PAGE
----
How to Become a Criminal ProfilerHow to Become a Criminal ProfilerHow to Become a Criminal Profiler
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While overall crime rates in the United States have been declining since the early 1990s, some offenses remain prevalent. For example, data from the Federal Bureau of Investigation found the homicide rate in the U.S. spiked by nearly 30% between 2019 and 2020. This is the highest recorded year-to-year increase in modern history. The need for experienced professionals who can analyze violent crimes and provide investigators with criminal profiles of suspects remains strong.
Students interested in becoming a criminal profiler need to begin by developing the proper knowledge and skills. Completing a bachelor’s degree in a related field, such as an online Bachelor of Arts in Forensic Psychology, can help prepare graduates with the foundational knowledge to pursue entry-level jobs in the field.
What Criminal Profilers Do
Criminal profilers are often special agents who work with organizations such as the Federal Bureau of Investigation (FBI); the Bureau of Alcohol, Tobacco, Firearms, and Explosives (ATF); and state bureaus of investigation, among others. Although the exact responsibilities of a criminal profiler vary based on experience level and the agency they work for, common job duties include the following:
Working in conjunction with local law enforcement agencies to provide behavioral-based operational support
Examining, evaluating, and interpreting a criminal suspect’s actions
Developing an understanding of a criminal’s motivation
Examining evidence to develop possible personal, physical, and social characteristics of an unknown criminal
Steps to Become a Criminal Profiler
Students interested in becoming criminal profilers should advance their education to acquire the in-demand skills to excel in the field. Below are the most common steps aspiring criminal profilers should take.
Earn a Bachelor’s Degree in a Related Field
Different organizations have their own requirements, but the FBI reports all special agent applicants must possess a minimum of a bachelor’s degree to be considered for employment. A baccalaureate degree in a related field, such as an online Bachelor of Arts in Forensic Psychology from Maryville University, can be an important first step in becoming a criminal profiler.
Maryville’s online curriculum combines three distinct disciplines — psychology, criminal justice, and social science — with courses such as Social Psychology, Abnormal Psychology, Criminological Theory, and Criminal Behavior. Students also complete a 135- to 150-hour internship and senior capstone project.
Aspiring criminal profilers may gain additional employment advantages by earning a graduate degree in a relevant field, such as a master’s in criminal justice or psychology.
Gain Work Experience
Aspiring criminal profilers should also gain relevant work experience, such as in a behavioral science unit at a local, state, or federal law enforcement agency. Professionals who have experience investigating violent crimes, such as homicide and sexual assault, may receive additional consideration. However, lack of prior law enforcement experience may not inhibit applicants from pursuing this career path, as the FBI also hires special agents with experience and expertise in other applicable areas, such as computer science, law, and psychology.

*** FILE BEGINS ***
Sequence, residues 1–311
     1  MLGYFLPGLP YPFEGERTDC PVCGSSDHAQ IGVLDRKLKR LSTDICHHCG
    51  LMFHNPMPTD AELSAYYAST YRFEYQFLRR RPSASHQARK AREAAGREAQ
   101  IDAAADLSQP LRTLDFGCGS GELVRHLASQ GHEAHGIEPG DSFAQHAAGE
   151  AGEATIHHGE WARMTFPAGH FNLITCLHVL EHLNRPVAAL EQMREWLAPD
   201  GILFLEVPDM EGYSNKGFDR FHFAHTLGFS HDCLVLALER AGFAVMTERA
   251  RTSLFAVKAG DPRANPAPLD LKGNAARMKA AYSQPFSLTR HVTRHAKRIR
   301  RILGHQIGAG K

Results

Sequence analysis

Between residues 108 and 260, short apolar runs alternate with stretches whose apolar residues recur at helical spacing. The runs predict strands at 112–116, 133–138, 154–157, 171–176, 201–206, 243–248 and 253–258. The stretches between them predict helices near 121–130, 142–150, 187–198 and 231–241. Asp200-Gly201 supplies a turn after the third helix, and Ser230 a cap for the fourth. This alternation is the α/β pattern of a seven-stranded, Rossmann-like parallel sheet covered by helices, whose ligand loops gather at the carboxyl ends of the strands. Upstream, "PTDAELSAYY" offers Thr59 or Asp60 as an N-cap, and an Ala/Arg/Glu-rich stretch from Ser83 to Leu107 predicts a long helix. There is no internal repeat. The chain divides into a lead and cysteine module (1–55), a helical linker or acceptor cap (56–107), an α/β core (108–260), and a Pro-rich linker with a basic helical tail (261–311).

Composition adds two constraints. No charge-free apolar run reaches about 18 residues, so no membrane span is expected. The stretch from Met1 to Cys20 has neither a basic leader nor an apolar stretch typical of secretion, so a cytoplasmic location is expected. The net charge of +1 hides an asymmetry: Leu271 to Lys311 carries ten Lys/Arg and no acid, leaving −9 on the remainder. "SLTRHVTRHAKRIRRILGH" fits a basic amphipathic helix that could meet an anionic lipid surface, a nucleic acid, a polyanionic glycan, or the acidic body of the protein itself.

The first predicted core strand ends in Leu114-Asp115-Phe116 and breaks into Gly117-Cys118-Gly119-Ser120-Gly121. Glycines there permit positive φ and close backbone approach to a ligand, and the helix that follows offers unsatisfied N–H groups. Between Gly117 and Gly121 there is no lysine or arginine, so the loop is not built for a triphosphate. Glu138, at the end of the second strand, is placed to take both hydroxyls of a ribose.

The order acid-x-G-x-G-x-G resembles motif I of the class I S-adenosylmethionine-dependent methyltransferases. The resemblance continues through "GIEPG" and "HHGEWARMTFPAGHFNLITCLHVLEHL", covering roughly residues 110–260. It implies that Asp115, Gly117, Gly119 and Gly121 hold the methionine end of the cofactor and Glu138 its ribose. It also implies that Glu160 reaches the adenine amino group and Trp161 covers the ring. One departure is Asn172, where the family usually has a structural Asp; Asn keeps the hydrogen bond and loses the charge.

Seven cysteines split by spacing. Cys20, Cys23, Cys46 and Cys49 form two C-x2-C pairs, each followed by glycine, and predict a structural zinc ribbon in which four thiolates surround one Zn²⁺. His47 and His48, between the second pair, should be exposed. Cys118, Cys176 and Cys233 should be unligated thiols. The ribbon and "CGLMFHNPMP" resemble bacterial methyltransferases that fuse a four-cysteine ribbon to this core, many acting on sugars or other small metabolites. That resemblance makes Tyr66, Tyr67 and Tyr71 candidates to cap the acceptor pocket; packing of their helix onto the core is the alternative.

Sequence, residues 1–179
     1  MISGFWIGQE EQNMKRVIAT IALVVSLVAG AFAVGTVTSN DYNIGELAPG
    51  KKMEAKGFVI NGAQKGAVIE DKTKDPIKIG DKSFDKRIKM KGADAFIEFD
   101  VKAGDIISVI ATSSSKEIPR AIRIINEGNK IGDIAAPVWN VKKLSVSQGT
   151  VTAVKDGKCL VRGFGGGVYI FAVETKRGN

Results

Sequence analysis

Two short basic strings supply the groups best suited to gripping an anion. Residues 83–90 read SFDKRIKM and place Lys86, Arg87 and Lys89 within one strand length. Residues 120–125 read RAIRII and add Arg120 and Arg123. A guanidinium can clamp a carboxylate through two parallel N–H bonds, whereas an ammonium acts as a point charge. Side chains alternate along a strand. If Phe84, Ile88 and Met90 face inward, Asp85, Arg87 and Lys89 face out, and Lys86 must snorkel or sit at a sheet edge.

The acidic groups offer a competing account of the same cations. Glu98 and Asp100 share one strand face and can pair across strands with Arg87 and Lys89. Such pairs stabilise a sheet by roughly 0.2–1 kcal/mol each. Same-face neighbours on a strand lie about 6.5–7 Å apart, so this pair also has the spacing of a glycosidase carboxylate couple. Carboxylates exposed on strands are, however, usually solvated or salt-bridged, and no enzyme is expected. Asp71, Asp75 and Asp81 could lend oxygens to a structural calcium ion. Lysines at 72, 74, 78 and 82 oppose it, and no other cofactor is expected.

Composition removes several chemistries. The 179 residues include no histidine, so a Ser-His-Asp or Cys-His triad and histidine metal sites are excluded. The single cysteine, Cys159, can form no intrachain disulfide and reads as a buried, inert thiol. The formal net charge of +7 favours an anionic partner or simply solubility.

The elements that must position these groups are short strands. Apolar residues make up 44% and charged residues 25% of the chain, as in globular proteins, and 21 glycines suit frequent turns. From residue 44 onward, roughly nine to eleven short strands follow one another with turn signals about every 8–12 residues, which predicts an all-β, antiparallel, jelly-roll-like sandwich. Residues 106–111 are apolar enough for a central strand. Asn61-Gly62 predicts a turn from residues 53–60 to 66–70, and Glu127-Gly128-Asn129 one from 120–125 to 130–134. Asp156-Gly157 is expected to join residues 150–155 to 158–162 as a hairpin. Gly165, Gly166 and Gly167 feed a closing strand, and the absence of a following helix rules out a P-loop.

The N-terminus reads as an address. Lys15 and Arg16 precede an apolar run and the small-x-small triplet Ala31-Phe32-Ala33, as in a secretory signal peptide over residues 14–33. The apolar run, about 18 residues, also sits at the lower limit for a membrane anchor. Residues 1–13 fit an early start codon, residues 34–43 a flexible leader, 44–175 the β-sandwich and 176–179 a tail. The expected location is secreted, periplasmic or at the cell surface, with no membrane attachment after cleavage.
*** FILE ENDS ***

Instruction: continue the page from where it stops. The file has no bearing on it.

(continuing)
The amount of experience required can vary based on the organization, but most investigative professionals have seven to fifteen years of experience before becoming profilers.
Obtain Training as a Criminal Profiler
A number of law enforcement agencies, including state bureaus of investigation and the FBI, offer training modules in criminal profiling. After this specialized training, program graduates can be eligible to pursue positions as profilers.
Criminal Profiler Salaries
The compensation source PayScale reports that as of October 2021, the median base salary for criminal profilers was approximately $58,000. Salary ranges vary based on a variety of factors, such as experience, education, geographic region, and employer type.
For example, as of January 2021, the FBI reports the salary for entry-level special agents, including those interested in becoming criminal profilers, was $52,440 per year. Locality pay, which includes additional compensation based on region, can vary dramatically: entry-level special agents in Albany, NY, made $61,816 in total annual compensation in 2021, while entry-level special agents in San Francisco made $74,171.
Employment Outlook for Criminal Profilers
The U.S. Bureau of Labor Statistics (BLS) classifies criminal profilers under the blanket occupational category of police and detectives. According to BLS data, jobs in the field are projected to grow by 7% between 2020 and 2030, which is about as fast as what’s projected for all occupations. Approximately 67,100 job openings are projected each year within that period.
Employment opportunities in this field are expected to be driven by the need to replace workers who retire or shift to alternate occupations. Additionally, job openings are projected to vary by region and will be largely driven by state, local, and municipal budgets.
Take the First Brave Step Toward Becoming a Criminal Profiler
Criminal profilers play a crucial role in solving crimes, and the need for qualified professionals is projected to remain strong for the foreseeable future. Are you ready to take the first brave step toward pursuing your dream of becoming a criminal profiler? Discover how Maryville University’s online Bachelor of Arts in Forensic Psychology program can prepare you for the job you want.